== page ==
- November 19, 2007 | Intelligencer
- His Moment of Zen
On the barricades with the head writer of The Daily Show.
- December 20, 2004 | It Happened This Year: A Guide to 2004
- Jon Stewart Became Bigger Than the Last Anchor...You Know, the One from Canada.
Now, a Daily Show writer maps out a brave new brand-extension plan.
- July 24, 2000 | Feature
- Networking It
Networking it what's a well-connected nightclub impresario like Andrew Rasiej doing in the internet business? He's bringing live music straight from clubs to computers. And in his spare time, he's busy wiring city schools and hooking up politicians.
- January 1, 2001 | Feature
- Silicon Alley 2.0
Crash Reboot Relaunch
While Silicon Alley is still paying for its first-round excesses, the smart money is primed to get back in the ring. But don't call it a dot-comback: the new contenders come from geekier stock. Can you say "distributed computing"?
- April 2, 2001 | Feature
- The '99ers
The dot-com gold rush lured type-A New Yorkers to San Francisco to seek their fortunes. The bust is bringing them back.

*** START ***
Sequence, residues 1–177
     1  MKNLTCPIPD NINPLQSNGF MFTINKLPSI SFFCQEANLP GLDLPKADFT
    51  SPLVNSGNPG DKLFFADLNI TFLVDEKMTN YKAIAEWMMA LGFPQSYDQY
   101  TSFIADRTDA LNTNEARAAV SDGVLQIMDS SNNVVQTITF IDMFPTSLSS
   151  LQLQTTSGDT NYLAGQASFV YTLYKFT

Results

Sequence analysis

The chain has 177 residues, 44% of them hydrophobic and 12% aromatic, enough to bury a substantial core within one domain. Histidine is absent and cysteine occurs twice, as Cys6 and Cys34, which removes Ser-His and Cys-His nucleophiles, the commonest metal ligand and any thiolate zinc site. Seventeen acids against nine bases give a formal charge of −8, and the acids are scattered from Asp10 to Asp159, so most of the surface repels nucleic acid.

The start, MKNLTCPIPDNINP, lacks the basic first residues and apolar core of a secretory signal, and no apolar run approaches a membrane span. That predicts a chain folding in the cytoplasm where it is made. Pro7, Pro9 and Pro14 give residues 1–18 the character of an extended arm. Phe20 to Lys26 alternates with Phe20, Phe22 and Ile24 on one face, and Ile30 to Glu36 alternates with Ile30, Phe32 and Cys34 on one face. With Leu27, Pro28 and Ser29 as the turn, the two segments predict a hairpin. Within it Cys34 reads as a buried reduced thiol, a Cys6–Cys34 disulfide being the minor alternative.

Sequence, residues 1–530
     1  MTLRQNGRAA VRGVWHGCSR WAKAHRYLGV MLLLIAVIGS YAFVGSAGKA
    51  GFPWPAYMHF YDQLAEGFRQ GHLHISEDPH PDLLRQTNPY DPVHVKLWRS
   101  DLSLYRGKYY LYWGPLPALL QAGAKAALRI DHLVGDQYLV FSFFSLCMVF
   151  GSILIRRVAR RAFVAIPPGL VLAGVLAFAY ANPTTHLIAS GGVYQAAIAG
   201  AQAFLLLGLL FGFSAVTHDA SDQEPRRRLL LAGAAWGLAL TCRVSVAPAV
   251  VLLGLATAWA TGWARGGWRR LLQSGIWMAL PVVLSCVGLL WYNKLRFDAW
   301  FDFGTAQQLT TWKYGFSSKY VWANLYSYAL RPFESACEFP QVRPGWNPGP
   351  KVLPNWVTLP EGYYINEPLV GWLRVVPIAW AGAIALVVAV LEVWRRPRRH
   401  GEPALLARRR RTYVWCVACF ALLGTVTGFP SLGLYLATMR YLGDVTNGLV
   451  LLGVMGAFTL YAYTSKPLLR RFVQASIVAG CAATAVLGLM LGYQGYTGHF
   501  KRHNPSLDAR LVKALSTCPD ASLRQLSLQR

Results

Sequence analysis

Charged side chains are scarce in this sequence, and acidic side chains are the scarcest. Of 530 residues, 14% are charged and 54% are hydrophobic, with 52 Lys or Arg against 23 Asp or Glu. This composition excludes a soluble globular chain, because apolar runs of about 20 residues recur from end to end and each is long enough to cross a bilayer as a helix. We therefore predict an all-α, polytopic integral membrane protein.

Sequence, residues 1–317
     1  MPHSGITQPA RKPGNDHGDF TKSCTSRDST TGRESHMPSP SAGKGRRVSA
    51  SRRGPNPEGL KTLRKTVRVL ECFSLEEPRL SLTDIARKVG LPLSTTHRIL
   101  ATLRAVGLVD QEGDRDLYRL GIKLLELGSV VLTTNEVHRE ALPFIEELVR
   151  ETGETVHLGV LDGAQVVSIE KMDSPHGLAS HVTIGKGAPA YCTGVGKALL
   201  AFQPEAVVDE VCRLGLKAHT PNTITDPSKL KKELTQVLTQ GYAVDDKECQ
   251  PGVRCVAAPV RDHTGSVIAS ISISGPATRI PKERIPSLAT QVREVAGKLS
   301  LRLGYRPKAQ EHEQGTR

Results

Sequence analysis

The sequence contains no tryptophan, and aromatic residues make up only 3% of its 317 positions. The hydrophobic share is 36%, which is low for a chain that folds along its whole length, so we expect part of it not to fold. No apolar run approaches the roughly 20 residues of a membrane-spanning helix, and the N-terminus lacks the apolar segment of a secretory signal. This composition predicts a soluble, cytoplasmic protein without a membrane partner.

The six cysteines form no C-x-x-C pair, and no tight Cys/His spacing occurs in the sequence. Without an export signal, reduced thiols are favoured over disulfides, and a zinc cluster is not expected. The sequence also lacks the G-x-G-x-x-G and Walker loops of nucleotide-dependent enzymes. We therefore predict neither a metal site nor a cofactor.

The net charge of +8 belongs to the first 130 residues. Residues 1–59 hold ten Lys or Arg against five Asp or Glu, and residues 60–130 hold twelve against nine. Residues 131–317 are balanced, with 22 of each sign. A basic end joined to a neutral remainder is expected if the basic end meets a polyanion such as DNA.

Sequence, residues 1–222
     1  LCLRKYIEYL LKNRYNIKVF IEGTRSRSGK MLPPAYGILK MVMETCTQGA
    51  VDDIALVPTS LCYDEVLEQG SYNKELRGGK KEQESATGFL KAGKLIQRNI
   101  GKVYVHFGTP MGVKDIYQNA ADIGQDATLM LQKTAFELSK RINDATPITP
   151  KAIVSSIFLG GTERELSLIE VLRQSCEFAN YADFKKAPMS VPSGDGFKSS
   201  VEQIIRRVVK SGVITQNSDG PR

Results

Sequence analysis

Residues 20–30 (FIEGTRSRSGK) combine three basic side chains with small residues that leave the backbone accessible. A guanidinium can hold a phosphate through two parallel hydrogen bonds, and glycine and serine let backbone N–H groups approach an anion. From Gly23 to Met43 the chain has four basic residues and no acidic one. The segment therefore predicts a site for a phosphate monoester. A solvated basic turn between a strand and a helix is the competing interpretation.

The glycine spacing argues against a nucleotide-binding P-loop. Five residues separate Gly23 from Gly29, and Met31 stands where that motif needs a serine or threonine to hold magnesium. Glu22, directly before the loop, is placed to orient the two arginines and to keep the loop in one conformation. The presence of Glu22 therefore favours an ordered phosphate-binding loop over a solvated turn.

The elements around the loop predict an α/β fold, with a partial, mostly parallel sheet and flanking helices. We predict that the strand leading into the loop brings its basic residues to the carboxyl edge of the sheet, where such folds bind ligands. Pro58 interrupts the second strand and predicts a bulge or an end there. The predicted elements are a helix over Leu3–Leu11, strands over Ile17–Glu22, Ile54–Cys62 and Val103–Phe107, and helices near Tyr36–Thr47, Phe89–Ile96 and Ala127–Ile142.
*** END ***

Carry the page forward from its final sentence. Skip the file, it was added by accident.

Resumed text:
- February 21, 2000 | The Bottom Line
- Track Record
Obsessed with "unlocking value," blue-chip companies are spinning off their digital divisions as separate stocks. But if the bull stumbles, will there be blood on the tracks?
- April 3, 2000 | The Bottom Line
- Routers to Riches
By laying down the tracks of the Internet, Cisco has become the railroad of the New Economy. And the phone business may ensure it's not at the end of its growth track.
- January 10, 2000 | The Bottom Line
- Is That Your Final Offer?
The technology of the twenty-first century is bringing back the marketplace of the eighteenth. But do consumers really want to bid for their breakfast?
- September 4, 2000 | Feature
- Theater: Camera Obscura
More than 2,500 electronic eyes are pointed at pedestrians in Manhattan -- and one street-theater group is ready for its close-up.
- March 26, 2001 | Feature
- The Whitney's Digital Sampler
Tech-savvy artists are painting with keyboards, sculpting with software, and avoiding natural light -- it interferes with their plasma screens. Now they're being welcomed by the Whitney Museum. Can they bring the art world up to code?